July,19,2015: Swiss food manufacturer Nestle India told the Bombay High Court on Friday that the Indian labs where Maggi noodles were tested were not accredited and therefore not competent to give findings on lead content in their products.
While laboratories in Delhi were not accredited by the National Accreditation Board for Testing and Calibration Laboratories, those in Gujarat, Maharashtra, Telangana, Tamil Nadu, Uttarakhand, Assam and West Bengal were not competent to test lead content.
“The material on record shows that the laboratories do not satisfy all the conditions [for testing]. Therefore, the evidence on which the authorities have banned the products is flawed,” senior advocate Iqbal Chagla, representing Nestle, told the court.
In June, the Food Safety and Standards Authority of India (FSSAI) found Maggi noodles “unsafe and hazardous for human consumption. Following this, the Food and Drug Administration (FDA) in Maharashtra banned Maggi after some samples were found to contain lead above the permissible limit.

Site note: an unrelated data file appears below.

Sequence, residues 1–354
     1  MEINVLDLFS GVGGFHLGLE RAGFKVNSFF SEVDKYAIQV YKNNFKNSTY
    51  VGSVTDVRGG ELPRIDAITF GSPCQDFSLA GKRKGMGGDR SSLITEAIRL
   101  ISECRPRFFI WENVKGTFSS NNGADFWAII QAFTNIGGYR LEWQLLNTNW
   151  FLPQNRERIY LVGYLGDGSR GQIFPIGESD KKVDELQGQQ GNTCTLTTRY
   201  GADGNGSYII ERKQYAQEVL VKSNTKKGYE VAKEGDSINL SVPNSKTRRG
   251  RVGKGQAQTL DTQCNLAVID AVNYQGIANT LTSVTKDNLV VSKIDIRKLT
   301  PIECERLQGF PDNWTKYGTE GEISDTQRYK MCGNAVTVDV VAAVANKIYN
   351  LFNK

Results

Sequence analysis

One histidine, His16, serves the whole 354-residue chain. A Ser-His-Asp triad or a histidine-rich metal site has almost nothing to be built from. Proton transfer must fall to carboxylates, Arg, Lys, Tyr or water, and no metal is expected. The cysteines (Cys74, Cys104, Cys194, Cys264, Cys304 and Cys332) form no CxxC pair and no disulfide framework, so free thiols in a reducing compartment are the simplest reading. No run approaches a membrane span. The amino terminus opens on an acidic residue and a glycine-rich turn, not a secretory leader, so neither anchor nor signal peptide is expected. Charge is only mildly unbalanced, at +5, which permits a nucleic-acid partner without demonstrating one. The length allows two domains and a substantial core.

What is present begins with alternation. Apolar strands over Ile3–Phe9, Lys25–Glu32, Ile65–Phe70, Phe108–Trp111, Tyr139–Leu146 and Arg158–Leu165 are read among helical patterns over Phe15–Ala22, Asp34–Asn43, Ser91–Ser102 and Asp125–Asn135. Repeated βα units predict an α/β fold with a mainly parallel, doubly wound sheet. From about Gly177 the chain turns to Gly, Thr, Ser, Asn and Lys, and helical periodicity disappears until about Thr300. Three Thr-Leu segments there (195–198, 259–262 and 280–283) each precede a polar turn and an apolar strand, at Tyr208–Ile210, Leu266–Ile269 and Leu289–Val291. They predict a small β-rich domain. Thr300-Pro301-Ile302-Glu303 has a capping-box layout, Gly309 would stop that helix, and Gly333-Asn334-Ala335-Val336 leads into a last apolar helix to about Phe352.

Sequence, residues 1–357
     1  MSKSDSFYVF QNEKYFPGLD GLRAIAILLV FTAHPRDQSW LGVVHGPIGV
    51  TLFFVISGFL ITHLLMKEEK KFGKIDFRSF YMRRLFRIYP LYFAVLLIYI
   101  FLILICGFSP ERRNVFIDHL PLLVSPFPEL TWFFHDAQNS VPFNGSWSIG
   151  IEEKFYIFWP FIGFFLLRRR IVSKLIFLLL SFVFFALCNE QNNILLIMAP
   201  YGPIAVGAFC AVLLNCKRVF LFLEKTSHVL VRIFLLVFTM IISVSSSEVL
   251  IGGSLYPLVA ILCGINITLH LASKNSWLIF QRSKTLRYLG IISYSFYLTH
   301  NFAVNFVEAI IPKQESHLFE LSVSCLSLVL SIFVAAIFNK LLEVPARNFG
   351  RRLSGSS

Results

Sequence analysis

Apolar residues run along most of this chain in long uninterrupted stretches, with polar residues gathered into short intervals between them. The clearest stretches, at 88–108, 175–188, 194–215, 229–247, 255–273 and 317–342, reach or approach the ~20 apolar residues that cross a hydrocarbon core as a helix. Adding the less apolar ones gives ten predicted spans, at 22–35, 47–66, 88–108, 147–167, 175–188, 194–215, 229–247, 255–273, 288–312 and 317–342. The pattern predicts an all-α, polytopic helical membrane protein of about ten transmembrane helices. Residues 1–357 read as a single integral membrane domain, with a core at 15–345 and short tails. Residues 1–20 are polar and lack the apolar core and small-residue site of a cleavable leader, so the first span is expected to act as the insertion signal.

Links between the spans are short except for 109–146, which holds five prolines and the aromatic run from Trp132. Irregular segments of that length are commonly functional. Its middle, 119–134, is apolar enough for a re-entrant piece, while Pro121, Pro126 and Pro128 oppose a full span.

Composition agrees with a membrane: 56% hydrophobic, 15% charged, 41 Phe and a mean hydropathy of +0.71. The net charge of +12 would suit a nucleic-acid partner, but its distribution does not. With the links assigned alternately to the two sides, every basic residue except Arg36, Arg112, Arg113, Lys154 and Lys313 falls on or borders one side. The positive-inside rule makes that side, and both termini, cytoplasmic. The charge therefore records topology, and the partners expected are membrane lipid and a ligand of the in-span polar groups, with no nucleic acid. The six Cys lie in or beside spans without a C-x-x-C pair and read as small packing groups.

Why blanket ban ?
Pointing to varying results within the same batch of products, Nestle argued that the government could have recalled a particular batch of the product instead of imposing a blanket ban.
Furthermore, samples were found to be exceeding permissible lead limits in seven States, whereas in 20 States, the levels were within limits.
The authorities have passed “arbitrary and illegal” orders “without any application of the mind,” the counsel argued and said: “The entire ban order is without any basis and should be struck down.”
Nestle has so far destroyed 25,000 tonnes of Maggi out of 30,000 tonnes.
“About 25 per cent of the turnover of Rs. 2,500 crore has been destroyed along with goodwill. It has also instilled an apprehension in the minds of mothers and housewives that the product is poisonous and injurious to health,” Mr. Chagla said.
The company told the court that it has given the authorities 2,700 reports of independent laboratories in India and abroad showing that levels of lead in their products were within the permissible limits of 2.5 parts per million (ppm).
30.6.2015- Bombay High Court allows Nestle to export Maggi noodles READ MORE…